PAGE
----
Volcanic activity overnight has been slightly higher than during the day yesterday. Several seismic signal which have in the past been correlated with pyroclastic flows were recorded during the period 16:00 to 19:36 on 14 September. One of these events, were observed to descend the upper Tar River-Hermitage area at 18:05 and generated ash clouds which drifted towards Plymouth. Small- to moderate-sized rockfalls continue to be the most common type of seismic signal recorded by instruments on the volcano. The larger of these events occurred during the 16:00 to 18:36 period on 14 September. There was one volcano-tectonic sequence during the night; this occurred between 23:39 on 14 September and about 01:30 on 15 September. Background tremor levels have been generally low throughout the night.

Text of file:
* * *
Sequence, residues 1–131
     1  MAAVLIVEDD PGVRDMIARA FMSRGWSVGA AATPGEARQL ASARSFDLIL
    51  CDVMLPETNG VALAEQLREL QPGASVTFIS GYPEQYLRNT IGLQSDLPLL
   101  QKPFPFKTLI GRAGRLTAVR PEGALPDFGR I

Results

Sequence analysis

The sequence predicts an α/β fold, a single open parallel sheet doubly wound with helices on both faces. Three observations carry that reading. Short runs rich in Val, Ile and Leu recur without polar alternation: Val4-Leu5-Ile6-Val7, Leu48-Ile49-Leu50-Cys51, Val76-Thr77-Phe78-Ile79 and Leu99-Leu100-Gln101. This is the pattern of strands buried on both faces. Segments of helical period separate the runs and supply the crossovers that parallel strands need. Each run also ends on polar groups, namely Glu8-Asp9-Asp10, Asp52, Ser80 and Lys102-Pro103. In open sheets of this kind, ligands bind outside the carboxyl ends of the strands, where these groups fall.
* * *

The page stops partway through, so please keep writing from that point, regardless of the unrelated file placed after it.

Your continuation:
Visibility during the early morning was poor due to low cloud cover at the volcano. However partially clear conditions during the late evening yesterday allowed observation of several small rockfalls on the eastern side of the dome as well as the pyroclastic flow and associated ash cloud which occurred at 18:05.
Further rockfalls and pyroclastic flows will occur but all indications continue to be that the flows will be confined to the Tar River Valley area. However, areas affected by associated ashfalls will obviously depend on the direction and strength of the wind at the time. The rainfall during the late evening and overnight has made roads very slippery so extreme care should be taken when driving in affected areas. Dust masks should be worn at all times in ashy environments.
The Tar River Valley and surrounding areas are extremely hazardous and should not be entered under any circumstances.